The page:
After what seemed like the longest thirty minutes ever had passed, Shon, Peyton and I headed out to find Daddy’s elk. The uneven, rocky, muddy terrain along with a stream and a fence line made it just too hard for my Dad to try to get out to his elk safely on his own. So, as allowed by CHAMP, Shon took Dad’s rifle to retrieve the cow. We found her about 75-yards east of where Daddy had shot her. She was down for the count. A beautifully placed shot that pierced both of her lungs made for a clean and humane end for this magnificent animal. At one hundred and fifty yards, through the trees, leaning on the open passenger door, off the side of the road, breathing oxygen, my daddy filled his third elk tag in his 69-years. This was by far his hardest hunt, both physically and emotionally.

One phone call and twenty minutes later, the cavalry came in to help us pack her out. Greg Godbehere and Glen Jones showed up to help Shon and I with the heavy lifting. The three of them even took the time to educate 11-year-old Peyton on proper field dressing of an elk and they even gave me a chance to get my beautiful knife, made by the late and great Ray Everidge, dirty. We finally got her quartered, bagged and brought back to my dad at the truck. The look of pride and humility on my daddy’s face was something I will not soon forget. Then looking at my husband and our amazing friends, Greg and Glen and seeing the mirrored looks of pride on their faces as well, brought tears to my eyes.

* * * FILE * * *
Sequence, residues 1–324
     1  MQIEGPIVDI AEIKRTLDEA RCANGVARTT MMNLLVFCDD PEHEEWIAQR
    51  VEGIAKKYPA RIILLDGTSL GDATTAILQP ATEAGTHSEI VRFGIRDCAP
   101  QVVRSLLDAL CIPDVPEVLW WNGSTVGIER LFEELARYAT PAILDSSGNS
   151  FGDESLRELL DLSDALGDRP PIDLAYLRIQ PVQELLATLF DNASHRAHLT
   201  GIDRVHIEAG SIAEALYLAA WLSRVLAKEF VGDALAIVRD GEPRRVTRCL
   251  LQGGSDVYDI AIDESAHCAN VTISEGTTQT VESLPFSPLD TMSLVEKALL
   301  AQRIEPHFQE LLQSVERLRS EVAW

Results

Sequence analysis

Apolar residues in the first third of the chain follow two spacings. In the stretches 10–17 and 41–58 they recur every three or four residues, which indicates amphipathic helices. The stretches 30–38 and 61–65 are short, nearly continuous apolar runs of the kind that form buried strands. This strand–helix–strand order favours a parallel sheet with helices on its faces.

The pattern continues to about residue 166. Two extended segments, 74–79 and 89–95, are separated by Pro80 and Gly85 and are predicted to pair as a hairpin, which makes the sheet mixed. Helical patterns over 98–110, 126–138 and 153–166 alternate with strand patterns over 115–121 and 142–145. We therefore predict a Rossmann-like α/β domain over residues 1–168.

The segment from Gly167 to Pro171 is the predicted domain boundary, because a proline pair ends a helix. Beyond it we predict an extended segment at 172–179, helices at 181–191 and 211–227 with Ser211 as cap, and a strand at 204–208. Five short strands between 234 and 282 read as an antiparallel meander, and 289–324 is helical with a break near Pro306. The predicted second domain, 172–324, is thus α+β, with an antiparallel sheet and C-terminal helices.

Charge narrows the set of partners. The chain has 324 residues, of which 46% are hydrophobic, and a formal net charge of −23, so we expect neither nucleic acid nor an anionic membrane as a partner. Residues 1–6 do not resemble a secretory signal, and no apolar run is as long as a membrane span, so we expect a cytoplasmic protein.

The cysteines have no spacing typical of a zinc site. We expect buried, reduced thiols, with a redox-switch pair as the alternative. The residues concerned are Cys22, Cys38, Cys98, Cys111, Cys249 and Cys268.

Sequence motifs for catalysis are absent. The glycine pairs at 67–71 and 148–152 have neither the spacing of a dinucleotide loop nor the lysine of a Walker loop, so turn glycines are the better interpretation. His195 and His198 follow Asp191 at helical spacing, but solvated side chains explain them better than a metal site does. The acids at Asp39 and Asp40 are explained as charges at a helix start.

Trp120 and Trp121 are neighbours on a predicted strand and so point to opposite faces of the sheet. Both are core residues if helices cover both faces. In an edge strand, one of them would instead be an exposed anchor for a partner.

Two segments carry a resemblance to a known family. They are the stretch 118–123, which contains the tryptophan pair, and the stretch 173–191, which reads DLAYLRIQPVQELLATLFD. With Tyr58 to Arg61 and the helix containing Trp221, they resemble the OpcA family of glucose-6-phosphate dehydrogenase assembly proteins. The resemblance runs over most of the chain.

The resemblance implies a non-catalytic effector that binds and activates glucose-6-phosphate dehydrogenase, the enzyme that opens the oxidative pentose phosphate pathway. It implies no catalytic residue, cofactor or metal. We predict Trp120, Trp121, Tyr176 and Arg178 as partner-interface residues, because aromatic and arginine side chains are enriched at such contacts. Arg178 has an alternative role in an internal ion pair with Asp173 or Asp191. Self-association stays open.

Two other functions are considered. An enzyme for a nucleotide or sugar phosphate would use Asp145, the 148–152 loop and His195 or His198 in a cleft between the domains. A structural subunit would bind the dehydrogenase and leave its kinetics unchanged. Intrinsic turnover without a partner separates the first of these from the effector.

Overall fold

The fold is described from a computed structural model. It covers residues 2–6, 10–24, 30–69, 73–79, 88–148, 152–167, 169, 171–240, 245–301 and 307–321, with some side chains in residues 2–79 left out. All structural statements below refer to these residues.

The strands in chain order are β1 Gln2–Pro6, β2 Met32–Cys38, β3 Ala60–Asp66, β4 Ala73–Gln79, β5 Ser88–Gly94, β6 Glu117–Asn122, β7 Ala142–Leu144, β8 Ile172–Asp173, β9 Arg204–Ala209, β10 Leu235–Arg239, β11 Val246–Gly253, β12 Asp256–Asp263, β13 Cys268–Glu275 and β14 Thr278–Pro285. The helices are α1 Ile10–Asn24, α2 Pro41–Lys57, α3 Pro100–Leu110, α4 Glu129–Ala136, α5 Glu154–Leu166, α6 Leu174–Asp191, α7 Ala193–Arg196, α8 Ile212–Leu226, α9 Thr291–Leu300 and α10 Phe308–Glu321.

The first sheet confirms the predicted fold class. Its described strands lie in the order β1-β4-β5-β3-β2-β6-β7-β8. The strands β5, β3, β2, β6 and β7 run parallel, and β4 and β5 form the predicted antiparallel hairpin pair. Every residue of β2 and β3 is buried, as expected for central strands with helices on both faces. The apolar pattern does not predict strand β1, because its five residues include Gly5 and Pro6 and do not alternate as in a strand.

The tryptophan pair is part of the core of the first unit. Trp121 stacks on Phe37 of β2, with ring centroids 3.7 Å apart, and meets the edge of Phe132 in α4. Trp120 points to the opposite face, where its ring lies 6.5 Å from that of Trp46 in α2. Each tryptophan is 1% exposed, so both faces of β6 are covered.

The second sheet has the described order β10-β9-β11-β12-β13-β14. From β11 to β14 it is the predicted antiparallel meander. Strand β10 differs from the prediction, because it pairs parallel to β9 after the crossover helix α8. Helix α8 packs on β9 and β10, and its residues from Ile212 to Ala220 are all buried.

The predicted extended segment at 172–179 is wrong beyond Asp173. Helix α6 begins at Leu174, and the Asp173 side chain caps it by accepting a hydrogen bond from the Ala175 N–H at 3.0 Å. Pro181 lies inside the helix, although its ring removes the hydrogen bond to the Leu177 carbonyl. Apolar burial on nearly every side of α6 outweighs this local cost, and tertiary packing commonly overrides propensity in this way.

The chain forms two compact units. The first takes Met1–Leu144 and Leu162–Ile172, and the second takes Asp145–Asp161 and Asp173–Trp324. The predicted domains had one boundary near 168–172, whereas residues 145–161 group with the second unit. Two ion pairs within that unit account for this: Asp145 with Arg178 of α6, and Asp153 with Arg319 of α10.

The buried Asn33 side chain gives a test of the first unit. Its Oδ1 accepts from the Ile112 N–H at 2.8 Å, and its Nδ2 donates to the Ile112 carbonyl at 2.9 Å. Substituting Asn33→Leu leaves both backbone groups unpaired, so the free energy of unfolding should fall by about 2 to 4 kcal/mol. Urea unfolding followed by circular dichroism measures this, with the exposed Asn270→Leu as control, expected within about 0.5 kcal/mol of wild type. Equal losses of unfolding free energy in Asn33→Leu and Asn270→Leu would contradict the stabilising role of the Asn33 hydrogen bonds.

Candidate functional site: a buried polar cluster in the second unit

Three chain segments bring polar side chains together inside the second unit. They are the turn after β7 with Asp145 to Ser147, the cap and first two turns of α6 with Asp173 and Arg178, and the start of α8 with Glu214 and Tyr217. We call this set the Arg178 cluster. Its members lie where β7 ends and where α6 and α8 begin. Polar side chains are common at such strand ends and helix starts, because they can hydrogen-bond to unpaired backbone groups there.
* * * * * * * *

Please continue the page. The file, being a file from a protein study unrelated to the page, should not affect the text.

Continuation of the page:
Hunting is so much more than just harvesting an animal. It’s the memories that are made in the process, the disappointments as well as the triumphs. The friendships made, re-established or strengthened. It’s teaching young people to respect the land and the animal’s life, giving thanks for both in the process. It’s a young girl’s dream of hunting with her daddy coming true again. It’s the look in a man’s eyes and seeing him believing in himself again and the knowledge that he can still do this and so much more. That sense and feeling of self-worth in a person is priceless.